Fighting Forces, Writing Women: Identity and Ideology in the First World War
"Fighting Forces" offers an in-depth feminist reading of the traumatic nature of women's experience during the First World War and illuminates the complex ideological structures within which women sought an identity during the war. In this period of both idealism and devastation, women often found themselves wanting to join their male compatriots in the trenches. Instead, they gained temporary powers of citizenship, privileges which were again exclusive to men after the Armistice.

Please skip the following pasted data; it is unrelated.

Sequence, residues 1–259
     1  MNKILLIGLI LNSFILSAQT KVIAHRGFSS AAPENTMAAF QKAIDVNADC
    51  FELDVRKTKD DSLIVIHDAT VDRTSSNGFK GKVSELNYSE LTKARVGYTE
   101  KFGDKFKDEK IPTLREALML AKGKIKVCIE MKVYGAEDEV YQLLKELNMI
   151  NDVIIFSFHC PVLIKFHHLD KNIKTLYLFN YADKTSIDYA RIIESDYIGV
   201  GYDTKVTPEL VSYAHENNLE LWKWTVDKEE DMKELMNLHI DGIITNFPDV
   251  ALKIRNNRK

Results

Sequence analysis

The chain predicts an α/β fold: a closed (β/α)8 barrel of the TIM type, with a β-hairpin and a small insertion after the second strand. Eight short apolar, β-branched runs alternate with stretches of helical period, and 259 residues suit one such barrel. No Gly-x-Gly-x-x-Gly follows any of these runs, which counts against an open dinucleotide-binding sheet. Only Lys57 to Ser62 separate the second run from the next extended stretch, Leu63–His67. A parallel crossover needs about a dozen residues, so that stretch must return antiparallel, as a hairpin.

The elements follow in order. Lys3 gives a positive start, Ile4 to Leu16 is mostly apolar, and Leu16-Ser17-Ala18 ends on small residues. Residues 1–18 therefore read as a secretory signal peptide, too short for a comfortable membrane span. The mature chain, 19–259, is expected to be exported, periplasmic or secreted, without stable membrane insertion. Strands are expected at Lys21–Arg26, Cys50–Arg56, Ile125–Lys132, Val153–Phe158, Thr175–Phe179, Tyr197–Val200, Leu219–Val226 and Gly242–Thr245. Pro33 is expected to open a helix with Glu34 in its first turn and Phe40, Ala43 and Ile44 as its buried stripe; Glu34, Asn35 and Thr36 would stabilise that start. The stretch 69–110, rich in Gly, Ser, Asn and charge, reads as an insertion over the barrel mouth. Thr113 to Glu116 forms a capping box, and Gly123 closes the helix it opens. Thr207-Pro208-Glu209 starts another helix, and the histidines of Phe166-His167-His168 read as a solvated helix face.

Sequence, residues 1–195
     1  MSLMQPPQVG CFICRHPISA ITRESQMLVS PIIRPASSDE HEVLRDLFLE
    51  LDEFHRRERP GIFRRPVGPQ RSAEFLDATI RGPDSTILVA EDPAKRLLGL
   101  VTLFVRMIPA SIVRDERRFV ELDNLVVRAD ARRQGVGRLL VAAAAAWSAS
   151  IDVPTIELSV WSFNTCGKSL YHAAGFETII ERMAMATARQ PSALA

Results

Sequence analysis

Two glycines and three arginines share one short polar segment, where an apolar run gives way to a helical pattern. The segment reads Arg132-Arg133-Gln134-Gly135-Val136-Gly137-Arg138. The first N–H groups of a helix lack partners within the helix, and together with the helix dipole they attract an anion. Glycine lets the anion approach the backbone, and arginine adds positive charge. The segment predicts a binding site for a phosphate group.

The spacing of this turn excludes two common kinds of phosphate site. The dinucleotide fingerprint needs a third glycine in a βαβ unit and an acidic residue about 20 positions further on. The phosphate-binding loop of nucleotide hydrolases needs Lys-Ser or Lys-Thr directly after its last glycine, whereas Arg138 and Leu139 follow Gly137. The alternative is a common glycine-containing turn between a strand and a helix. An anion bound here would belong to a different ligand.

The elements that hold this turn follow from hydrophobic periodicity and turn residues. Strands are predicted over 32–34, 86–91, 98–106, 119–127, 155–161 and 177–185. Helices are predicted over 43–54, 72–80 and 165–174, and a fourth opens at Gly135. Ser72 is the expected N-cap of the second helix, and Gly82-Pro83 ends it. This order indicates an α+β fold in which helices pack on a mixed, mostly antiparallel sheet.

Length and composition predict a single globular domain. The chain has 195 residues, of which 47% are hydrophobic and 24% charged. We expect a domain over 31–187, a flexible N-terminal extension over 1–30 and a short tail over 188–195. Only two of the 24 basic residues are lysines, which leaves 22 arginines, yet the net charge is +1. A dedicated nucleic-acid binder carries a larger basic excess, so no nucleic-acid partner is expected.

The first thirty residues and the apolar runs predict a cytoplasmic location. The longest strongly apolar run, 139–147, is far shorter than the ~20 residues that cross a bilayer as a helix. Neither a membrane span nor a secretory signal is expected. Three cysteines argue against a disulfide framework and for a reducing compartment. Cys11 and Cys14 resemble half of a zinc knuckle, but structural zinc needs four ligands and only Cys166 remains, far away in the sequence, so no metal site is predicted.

"Fighting Forces" ranges over the works of several women writers of the period: from Jeannie Maitland, author of "Woman's Own," to Virginia Woolf. Unpublished memoirs, diaries and stories by both famous and little-known writers provide a fascinating spectrum of female responses to the war. Propaganda and institutional directives inspire the work of Vera Brittain; pacifist rhetoric emerges in the writings of Rose Maculay, while Virginia Woolf contests the propagandist discourse of her male contemporaries.
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